Nucharin Songsasen – Smithsonian Conservation Biology Institute
Arjun Srivathsa – Wildlife Conservation Society–India
Girish Punjabi – Wildlife Conservation Trust, India
Bhaskar Acharya – Independent Consultant
Heike Maisch – Thüringer Zoopark Erfurt, Germany
Jan Kamler – Wildlife Conservation Research Unit, University of Oxford
Kyran Kunkel – Conservation Science Collaborative and University of Montana
Sheng Li – Peking University
Phuntsho Thinley – Ugyen Wangchuck Institute for Conservation and Environment Research
Linnea Worsoee Havmoeller – Natural History Museum of Denmark, University of Copenhagen
Monsoon Pokharel Khatiwada – Research Unit of Biodiversity, University of Oviedo, Spain
Ambika Prasad Khatiwada – National Trust for Nature Conservation, Nepal
Patrick Roux – Reserve Zoologique de la Haute-Touche, France
Pallavi Ghaskadbi – Wildlife Institute of India
Martin Gilbert – Cornell Wildlife Health Center, Cornell University
Main issues and strategies to address these issues:
The dhole (Cuon alpinus) ranges throughout much of South and Southeast Asia and is categorized as Endangered on the IUCN Red List. The most recent assessment estimates that there are 4,500-10,500 dholes, of which only 949-2,215 are mature individuals living in fragmented habitats in southern China, India, Bhutan, Nepal, Myanmar, Thailand, Cambodia, Laos, Malaysia and Indonesia. However, due to the lack of data on distribution, relative abundance, and population trends, especially in Southeast Asia, the true conservation status of this species is unknown.
The first Population and Habitat Viability Assessment Workshop was conducted in 2019 (Kao et al 2020). A threat analysis conducted during the workshop has identified four main categories of threats to dhole populations across the species’ distribution range. These include habitat and prey loss, human-dhole conflict, domestic dogs and disease transmission and insufficient scientific knowledge. To address the four main issues, the working group has set the following goals.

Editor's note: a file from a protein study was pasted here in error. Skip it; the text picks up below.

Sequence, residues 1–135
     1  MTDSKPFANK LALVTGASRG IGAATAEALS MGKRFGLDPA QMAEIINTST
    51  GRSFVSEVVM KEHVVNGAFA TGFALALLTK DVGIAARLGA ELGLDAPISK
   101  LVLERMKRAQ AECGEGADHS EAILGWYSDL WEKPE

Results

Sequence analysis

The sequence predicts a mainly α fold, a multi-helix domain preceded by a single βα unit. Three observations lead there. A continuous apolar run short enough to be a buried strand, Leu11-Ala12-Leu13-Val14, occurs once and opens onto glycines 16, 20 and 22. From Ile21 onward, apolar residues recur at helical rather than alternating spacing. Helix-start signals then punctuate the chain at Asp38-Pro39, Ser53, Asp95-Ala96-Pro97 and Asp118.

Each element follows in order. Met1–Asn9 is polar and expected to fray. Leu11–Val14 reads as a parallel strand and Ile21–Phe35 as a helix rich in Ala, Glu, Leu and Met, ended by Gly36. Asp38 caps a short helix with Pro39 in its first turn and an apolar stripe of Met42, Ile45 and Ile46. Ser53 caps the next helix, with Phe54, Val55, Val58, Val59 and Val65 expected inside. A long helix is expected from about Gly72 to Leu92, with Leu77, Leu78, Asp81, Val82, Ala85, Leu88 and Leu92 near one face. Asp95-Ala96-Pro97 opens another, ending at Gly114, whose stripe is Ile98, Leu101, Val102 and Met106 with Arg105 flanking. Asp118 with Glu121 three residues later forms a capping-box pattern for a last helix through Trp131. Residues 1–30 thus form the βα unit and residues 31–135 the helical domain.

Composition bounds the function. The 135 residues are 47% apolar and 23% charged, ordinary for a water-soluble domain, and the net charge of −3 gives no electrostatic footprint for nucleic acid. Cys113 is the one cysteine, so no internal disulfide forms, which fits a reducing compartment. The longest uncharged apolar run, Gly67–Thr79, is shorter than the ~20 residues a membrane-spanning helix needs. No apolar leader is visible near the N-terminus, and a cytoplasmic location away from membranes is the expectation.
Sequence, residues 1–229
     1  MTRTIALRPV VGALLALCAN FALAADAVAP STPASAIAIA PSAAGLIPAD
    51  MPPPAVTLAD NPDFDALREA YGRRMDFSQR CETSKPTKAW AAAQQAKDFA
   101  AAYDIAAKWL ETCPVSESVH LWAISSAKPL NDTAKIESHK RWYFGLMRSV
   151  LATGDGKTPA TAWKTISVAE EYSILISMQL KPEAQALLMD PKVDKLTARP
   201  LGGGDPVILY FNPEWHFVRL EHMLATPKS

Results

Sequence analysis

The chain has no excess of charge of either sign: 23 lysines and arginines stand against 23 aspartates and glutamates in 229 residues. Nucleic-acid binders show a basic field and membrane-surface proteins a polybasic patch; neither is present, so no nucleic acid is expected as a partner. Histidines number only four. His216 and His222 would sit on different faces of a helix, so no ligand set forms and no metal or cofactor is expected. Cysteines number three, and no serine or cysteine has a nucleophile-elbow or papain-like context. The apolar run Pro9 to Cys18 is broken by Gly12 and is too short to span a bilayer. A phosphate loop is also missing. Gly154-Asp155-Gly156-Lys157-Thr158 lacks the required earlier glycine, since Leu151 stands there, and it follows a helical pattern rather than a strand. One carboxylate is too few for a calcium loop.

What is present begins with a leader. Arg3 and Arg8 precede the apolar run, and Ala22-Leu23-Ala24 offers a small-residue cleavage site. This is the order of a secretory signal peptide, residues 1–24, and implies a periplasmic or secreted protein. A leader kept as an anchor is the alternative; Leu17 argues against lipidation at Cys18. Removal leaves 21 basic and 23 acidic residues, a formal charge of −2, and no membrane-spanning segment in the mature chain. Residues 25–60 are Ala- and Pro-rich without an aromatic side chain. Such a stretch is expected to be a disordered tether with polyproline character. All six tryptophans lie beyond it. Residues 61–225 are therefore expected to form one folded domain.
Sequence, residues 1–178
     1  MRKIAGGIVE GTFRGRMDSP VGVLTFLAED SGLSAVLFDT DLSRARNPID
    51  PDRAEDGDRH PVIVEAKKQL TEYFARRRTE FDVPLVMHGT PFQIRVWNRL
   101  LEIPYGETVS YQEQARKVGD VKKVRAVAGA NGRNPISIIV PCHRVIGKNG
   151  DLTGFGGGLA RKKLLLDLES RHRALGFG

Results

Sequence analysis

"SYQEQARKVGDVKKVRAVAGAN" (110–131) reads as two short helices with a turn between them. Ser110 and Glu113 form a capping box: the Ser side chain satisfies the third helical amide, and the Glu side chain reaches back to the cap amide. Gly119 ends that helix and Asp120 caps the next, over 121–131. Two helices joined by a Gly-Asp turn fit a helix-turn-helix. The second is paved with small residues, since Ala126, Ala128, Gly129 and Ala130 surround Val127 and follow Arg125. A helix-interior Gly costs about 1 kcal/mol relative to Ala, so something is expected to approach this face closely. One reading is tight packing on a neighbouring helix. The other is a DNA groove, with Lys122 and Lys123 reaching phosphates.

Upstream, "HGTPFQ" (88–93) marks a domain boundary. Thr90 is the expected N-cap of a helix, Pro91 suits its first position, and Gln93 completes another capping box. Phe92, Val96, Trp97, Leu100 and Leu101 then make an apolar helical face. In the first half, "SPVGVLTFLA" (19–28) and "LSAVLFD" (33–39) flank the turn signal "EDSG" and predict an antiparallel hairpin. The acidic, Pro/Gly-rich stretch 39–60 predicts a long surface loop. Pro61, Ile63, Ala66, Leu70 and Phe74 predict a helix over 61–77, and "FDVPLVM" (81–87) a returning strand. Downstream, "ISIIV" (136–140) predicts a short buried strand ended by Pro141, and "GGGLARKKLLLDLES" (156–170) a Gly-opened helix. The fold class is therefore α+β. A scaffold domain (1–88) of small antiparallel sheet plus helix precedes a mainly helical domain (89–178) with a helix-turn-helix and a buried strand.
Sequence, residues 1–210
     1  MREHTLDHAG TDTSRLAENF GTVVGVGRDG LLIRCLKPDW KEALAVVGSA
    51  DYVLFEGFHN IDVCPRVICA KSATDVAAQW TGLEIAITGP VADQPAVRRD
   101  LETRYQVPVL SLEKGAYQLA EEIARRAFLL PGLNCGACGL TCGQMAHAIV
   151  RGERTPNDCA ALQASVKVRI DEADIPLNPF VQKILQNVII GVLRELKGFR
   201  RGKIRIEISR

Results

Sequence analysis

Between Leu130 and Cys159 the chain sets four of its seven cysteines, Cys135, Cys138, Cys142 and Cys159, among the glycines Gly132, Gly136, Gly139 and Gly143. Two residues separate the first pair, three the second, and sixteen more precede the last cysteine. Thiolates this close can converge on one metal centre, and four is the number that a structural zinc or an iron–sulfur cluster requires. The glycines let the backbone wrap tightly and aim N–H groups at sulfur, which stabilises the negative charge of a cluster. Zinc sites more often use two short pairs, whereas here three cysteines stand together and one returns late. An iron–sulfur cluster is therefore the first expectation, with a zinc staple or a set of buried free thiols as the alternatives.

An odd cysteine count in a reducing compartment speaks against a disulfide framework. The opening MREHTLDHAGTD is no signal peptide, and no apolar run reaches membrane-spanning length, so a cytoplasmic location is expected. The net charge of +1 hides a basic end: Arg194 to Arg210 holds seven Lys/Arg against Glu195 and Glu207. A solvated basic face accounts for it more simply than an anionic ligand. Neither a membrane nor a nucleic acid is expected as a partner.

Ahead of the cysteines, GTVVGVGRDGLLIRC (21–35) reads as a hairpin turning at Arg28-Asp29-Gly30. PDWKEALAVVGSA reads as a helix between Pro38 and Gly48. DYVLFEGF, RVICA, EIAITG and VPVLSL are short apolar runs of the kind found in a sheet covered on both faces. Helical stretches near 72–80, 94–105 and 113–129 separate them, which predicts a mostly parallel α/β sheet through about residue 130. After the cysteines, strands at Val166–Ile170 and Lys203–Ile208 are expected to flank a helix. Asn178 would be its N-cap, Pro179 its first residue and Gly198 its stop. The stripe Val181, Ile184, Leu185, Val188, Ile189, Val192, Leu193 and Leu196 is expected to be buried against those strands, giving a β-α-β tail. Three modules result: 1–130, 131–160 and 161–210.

1. Generate and maintain information on distribution and connectivity to ensure viable population.
2. Develop context specific methods for estimating dhole abundance, demographic and ecological requirements.
3. Create and update the list of dhole publications.
4. Develop and distribute standard protocols for collecting and storage of health samples with guidance on accessing appropriate diagnostics. (https://wildlife.cornell.edu/people/martin-gilbert)
5. Evaluate human-dhole conflicts and existing method to mitigate the conflicts across dhole distribution range.
Current research and conservation projects:
1. The impact of health on dhole conservation through the development of sampling protocols and sharing of health information and expertise. https://wildlife.cornell.edu/people/martin-gilbert
2. The Wild Canids India Project - https://www.wildcanids.net A project examining the ecology, distribution and conservation of multiple canids & one hyenid found in India. The dhole is a focal species of interest.
3. Status and conservation of dholes in Parsa National Park, Nepal. https://wildlife.cornell.edu/people/martin-gilbert
4. Dhole ecology and conservation in Indonesia. Website: https://snm.ku.dk/english/staffsnm/research-and-collections/?pure=en/persons/394173
5. Movement ecology of dholes in Thai protected areas. https://movementoflife.si.edu/species/dhole/
6. Conservation priorities for dhole in Nepal and globally. The main objectives are to:
7. Evaluating community managed livestock insurance schemes and conflict prevention for dholes and large carnivores in eastern and central Nepal Himalayas.
Kao, J., N. Songsasen, K. Ferraz and K. Traylor-Holzer (Eds.) 2020. Range-wide Population and Habitat Viability Assessment for the Dhole, Cuon alpinus. IUCN SSC Conservation Planning Specialist Group, Apple Valley, MN, USA.